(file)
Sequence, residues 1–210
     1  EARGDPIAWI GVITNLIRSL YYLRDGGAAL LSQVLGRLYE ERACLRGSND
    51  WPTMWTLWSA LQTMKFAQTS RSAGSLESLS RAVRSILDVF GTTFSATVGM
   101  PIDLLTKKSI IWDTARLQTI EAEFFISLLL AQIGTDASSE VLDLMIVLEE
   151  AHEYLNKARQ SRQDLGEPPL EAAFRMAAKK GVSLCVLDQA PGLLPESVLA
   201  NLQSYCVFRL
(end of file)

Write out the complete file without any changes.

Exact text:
Sequence, residues 1–210
     1  EARGDPIAWI GVITNLIRSL YYLRDGGAAL LSQVLGRLYE ERACLRGSND
    51  WPTMWTLWSA LQTMKFAQTS RSAGSLESLS RAVRSILDVF GTTFSATVGM
   101  PIDLLTKKSI IWDTARLQTI EAEFFISLLL AQIGTDASSE VLDLMIVLEE
   151  AHEYLNKARQ SRQDLGEPPL EAAFRMAAKK GVSLCVLDQA PGLLPESVLA
   201  NLQSYCVFRL